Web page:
Szászi Cellar, Nyári Cellar and countless smaller cellars – all of them are connected to St. George’s Hill, more specifically Hegymagas. Backpackers visit this teeny-weeny village by Lake Balaton primarily for the wine, but the natural wonders of the area are just as alluring as a glass of rosé.
Accommodation in the Balaton Uplands National Park?
Mayor Barbara Sallee-Kereszturi is understandably biased when it comes to Hegymagas, which becomes apparent when she takes us on a tour, showing us every corner of this 300-strong village. The oldest township in the Balaton Uplands, Hegymagas is surrounded by a two-thousand-year-old cultural landscape, which is part of the Balaton Uplands National Park, explaining why it is so popular among backpackers.
Tending the surroundings of their houses is an integral part of the everyday lives of Hegymagas “natives”. “Luckily, holiday home owners that move into the area are aware how important this is. When a tourist comes here, their first impression will be how tidy everything is. If they post one of their photos of the village online, perhaps other potential tourists will take note of the beauty of Hegymagas.”
Backpacking through vineyards
Apart from the great hiking opportunities and spectacular natural attractions, such as the basalt columns close by, wine is what draws the most tourists to Hegymagas. Wine cellars of various sizes line the hillside, where 47 kinds of grapes are grown due to the exceptional microclimate. The Szászi estate, which includes a guesthouse, a wine tasting terrace and the family home, stands out even among the most prominent wineries. You can spend hours here, sitting with a glass of wine or two and admiring Lake Balaton as it peeks through in the distance like a coy mistress.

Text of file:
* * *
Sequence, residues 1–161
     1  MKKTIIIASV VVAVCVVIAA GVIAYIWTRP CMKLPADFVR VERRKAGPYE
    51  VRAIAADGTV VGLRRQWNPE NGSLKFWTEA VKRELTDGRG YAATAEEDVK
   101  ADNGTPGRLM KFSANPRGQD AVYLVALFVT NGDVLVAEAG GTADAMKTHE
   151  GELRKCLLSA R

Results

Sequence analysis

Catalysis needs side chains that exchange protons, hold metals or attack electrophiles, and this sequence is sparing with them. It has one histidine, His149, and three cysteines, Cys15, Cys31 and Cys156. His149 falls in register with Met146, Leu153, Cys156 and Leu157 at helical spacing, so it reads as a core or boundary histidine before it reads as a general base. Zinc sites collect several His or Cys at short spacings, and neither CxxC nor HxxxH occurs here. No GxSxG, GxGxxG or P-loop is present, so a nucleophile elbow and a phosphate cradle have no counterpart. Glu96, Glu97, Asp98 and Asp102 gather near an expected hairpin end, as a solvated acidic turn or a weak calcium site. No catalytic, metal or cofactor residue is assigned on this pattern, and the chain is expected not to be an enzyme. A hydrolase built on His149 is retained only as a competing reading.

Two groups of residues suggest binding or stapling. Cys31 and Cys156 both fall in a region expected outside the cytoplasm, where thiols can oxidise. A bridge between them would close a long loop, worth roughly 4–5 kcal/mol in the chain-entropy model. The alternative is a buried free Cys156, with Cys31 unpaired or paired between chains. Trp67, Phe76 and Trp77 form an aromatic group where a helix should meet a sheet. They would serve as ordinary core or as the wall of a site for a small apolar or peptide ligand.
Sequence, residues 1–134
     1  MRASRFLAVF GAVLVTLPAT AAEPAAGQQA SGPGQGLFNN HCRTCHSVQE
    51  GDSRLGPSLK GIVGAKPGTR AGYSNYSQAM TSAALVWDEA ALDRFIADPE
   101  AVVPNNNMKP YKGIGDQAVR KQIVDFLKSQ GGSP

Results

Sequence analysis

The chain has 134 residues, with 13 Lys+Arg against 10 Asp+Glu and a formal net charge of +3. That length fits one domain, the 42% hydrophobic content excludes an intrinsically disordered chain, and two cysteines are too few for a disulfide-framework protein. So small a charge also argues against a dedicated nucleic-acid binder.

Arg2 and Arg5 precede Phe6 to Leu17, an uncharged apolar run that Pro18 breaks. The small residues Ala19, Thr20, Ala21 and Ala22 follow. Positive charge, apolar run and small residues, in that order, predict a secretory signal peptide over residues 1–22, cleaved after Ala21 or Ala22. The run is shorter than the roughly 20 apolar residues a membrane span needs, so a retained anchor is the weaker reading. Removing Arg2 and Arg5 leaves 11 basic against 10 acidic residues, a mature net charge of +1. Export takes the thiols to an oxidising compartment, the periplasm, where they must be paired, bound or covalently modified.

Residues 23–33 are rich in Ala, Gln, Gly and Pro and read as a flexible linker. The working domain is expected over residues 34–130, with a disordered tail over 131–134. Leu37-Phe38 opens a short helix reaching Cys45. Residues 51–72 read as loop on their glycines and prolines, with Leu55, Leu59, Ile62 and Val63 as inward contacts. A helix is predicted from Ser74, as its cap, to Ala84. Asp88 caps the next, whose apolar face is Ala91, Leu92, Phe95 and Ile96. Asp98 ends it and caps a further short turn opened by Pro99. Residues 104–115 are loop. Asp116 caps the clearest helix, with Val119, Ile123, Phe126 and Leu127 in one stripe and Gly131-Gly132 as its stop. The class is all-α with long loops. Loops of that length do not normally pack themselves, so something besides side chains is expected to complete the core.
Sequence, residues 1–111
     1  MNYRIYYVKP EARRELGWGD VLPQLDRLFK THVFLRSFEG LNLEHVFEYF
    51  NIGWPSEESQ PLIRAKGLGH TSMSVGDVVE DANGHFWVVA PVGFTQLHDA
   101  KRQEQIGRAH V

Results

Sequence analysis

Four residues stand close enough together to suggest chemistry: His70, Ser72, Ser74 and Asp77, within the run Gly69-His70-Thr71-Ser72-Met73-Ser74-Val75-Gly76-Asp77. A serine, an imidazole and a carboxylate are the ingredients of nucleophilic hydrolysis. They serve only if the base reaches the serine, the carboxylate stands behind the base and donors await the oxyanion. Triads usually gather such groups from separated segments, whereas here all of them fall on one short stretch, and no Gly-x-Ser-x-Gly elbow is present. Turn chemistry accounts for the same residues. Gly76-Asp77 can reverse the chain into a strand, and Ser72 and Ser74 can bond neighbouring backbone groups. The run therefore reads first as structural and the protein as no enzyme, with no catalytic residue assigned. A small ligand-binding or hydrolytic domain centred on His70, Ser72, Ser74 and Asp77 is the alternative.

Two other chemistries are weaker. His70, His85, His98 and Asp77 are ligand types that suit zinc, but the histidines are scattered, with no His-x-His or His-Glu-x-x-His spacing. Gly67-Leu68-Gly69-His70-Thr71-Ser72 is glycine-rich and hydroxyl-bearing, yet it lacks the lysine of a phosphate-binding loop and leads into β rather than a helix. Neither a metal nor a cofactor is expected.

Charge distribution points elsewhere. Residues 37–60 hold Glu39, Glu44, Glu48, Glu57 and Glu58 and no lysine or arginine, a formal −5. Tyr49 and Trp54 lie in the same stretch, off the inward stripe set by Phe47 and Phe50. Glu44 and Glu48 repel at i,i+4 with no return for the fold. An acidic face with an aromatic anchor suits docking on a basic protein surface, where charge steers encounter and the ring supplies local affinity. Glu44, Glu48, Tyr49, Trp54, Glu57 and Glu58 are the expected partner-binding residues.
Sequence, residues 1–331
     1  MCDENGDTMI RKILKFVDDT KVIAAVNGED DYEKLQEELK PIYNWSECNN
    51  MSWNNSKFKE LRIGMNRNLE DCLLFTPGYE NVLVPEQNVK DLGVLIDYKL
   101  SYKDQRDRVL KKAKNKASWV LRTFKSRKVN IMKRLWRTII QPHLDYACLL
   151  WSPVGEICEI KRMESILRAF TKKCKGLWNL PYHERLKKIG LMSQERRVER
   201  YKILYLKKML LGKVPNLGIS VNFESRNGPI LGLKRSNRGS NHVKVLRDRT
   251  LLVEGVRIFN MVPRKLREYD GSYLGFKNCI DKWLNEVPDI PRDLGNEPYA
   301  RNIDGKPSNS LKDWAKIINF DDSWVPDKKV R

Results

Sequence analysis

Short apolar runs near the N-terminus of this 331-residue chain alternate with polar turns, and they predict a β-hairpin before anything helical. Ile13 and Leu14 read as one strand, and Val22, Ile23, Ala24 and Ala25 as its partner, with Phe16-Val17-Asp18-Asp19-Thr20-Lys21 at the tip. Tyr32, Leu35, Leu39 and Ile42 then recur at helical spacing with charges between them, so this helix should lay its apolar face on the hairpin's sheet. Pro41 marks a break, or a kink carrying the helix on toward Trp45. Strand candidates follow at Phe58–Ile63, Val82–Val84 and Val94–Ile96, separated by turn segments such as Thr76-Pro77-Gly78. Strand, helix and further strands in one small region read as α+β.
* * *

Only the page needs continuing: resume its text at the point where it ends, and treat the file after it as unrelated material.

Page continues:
The wine tastings, with selections containing five, seven or ten varieties, are complemented with cold cuts platters and a couple of stories about the Szászi family, who lead their everyday lives on the estate. There is a wide range of wines: you should not miss the Badacsony Cabernet Sauvignon Rosé from 2013 and the Badacsony Welschriesling, even if you are trying to save some energy for visiting other cellars as well. Szászi wines make great gifts, with the elaborate wine labels being a testament to the imagination and skill of Endre Szászi’s wife.
Nyári Cellar is not far off from Szászi Cellar, and it is worth a visit, too. Their various wines win prizes at local and national wine contests every year. The traditional wine sorts of the cellar include Welschriesling, Chardonnay and Szürkebarát, but in the past few years they have also started cultivating Cserszegi fűszeres, Rheinriesling, Kéknyelű and Pinot gris.
If you are open to experimenting with small, lesser-known local wine cellars, you should definitely come in the spring for the St. George’s Day celebrations, when all the big and small wineries of the region put their vintages on display.
Hegymagas has also made a conscious effort to promote art. The last weekend in July has been reserved for JAZZmagas Festival for four years straight: everything is about good wine and jazz this time of year. While nearby Szigliget is the haunt of writers, the artists’ colony located among the Hegymagas vine rows is the summer meeting place of painters. Ghymes Festival, traditionally taking place at the first weekend in July, attracts thousands to Hegymagas every year.